“If I waited till I felt like writing, I’d never write at all” – Anne Tyler
Writing can bring you incredible joy – but it can sometimes feel like a chore. It depends on your mood, what’s gone on that day, and whether you got out on the right side of the bed! Without a deeper motivation, it can be hard to stick at it. But ultimately, there is something that keeps us going. What is it for YOU? What motivates you to write?
Here at the Australian Writers’ Centre, we recently asked our community exactly that question. And from the hundreds of replies, we’ve been sharing some of our favourite responses. This week we present one final collection – we hope they inspire you and remind you of your own reasons for writing – even on those tough days! Enjoy…
A chair, a newly purchased fountain pen, a warm fuzzy blanket, a fat furry snoring Pug, a relentless physical pain, a diary that once was full, a permanent grief stricken tear, an inquisitive mind, a group of very human, personal and kindness driven people on the internet, a family whose very existence epitomises the meaning of the word love, an opportunity. –Terri Forrester
I write because I love the challenge of putting words together that can move, inspire or catch people’s attention. The written word is so powerful and it’s amazing how one word can change the tone and message you are trying to convey.
Writing can feel like childbirth, as you nurture your ideas until the purpose becomes clear, and when you are ready, it can flow out smoothly, or get stuck and take more effort. However, the end result can be something to be proud of, and present to the world as yours. That is what I love about writing. – Tara Webster
Writing transports me from the mundane and into a vision of myself I had when I was much younger. It reminds me that I can live a creative life, despite the demands of work and the chaos of kids, family and friends.
If I have a book published one day that will be great. If I don’t I have the satisfaction of constantly tapping into my experiences, my interests and parts of me no one knows and pulling it all into something unique, That’s why I write. – Glenda Price
I write because the emotions that fill my head are too great to carry. I write because they spill out like a flood. Without writing I am lost. I write to express the love I hold, for my partner, for my god, for this world I live in. For the found family I am eternally grateful for. I write because it’s the only way I know how to share my love with those who need to see it. – Pippa Wilcox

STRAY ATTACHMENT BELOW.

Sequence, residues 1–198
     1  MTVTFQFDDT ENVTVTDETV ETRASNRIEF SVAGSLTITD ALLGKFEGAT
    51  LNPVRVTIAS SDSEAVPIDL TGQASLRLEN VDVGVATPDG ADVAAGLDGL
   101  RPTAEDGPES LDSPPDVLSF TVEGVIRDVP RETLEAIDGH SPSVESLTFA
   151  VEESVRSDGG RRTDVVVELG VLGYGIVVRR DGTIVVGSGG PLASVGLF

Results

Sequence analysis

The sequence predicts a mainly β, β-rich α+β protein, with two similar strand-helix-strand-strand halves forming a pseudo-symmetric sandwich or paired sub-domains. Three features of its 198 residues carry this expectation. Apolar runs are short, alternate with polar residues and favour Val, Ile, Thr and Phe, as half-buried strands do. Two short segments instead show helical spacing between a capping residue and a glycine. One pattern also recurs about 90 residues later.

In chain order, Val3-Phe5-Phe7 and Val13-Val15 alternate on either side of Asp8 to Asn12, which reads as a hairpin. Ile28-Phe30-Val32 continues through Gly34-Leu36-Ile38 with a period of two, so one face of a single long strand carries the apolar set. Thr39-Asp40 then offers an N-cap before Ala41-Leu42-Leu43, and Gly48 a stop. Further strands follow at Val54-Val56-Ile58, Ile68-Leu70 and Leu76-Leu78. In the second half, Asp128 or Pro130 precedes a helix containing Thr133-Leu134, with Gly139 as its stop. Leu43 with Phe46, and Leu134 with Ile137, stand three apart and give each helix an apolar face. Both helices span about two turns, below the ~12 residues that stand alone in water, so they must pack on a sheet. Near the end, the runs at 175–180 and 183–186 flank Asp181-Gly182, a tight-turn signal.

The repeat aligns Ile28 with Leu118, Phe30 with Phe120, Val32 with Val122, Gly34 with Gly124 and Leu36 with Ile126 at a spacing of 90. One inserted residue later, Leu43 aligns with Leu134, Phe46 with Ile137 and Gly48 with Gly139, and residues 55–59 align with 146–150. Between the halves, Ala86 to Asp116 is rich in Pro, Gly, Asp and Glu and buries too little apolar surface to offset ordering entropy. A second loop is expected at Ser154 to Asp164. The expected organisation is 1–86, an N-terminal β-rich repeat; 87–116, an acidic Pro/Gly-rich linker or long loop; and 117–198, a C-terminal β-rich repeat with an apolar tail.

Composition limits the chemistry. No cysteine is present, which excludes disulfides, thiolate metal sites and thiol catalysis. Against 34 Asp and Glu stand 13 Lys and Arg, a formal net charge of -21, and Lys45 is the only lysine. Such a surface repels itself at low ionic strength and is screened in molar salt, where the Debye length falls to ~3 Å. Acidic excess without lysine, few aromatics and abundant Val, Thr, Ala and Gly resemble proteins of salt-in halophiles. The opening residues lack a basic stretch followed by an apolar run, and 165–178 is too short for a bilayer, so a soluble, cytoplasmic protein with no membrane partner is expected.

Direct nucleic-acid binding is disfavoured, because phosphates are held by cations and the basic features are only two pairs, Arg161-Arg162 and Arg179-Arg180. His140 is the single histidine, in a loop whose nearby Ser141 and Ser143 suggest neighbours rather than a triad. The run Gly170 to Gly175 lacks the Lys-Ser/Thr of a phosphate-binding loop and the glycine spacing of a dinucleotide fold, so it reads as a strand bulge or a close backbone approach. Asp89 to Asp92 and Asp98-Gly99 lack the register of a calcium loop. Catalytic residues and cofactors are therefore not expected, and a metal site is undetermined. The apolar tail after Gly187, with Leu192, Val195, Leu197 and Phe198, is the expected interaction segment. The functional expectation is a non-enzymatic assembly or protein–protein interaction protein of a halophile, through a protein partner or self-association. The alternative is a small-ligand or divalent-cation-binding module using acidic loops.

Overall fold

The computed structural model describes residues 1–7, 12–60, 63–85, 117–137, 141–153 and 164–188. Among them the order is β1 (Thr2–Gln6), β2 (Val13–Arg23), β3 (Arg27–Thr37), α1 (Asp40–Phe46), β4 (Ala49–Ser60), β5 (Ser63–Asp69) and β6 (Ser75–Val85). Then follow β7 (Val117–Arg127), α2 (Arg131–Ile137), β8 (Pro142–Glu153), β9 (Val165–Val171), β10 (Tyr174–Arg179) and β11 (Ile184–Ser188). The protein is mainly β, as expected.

Now there’s a great question. Why do I write? It is certainly not for the absolute pleasure of it. Sometimes it’s agony!
But, aaah, the satisfaction that comes from finishing. And the delight if someone actually reads it.
I am a genealogist and love putting my ancestors into the context of their time and finding that little gem that makes the story come to life.
But when the research is done and you are trying to bring it together, it is draining.
So why do I do it? Simply for the pleasure of finishing and having someone enjoy the story. – Pauline Wilson
Writing gives me joy. Whether I’m writing a short story or working on my never-ending, ever-changing novel, it is the hand that pulls me out of bed each morning – my most creative time of the day. I write mostly fiction, but have collections of real life events; memories and reflections of pain, sadness, kindness and serendipitous happenings. It is my hope that my stories, especially the painful ones, might resonate with readers who have walked, or are currently walking similar paths, and perhaps inspire them to make positive changes that I always found difficult to make. – Lee Gutmanis
The craft of exploring and finding that one word which best describes a thing or situation. The art of stringing several of them together to form a perfect sentence. When I can read that sentence back days, months and even years later and it’s still as poignant as the day it was constructed. A sentence that resonates around the world. My sentence being used now and for future generations. So much is said without meaning. So much needs to be said with a pure essence. A sentence, a phrase or even just a word, can change thought everywhere. The timing must be perfect. It does not have to be the ultimate, just one among ultimates. – Helen Finney
I write to breathe the unsaid moments;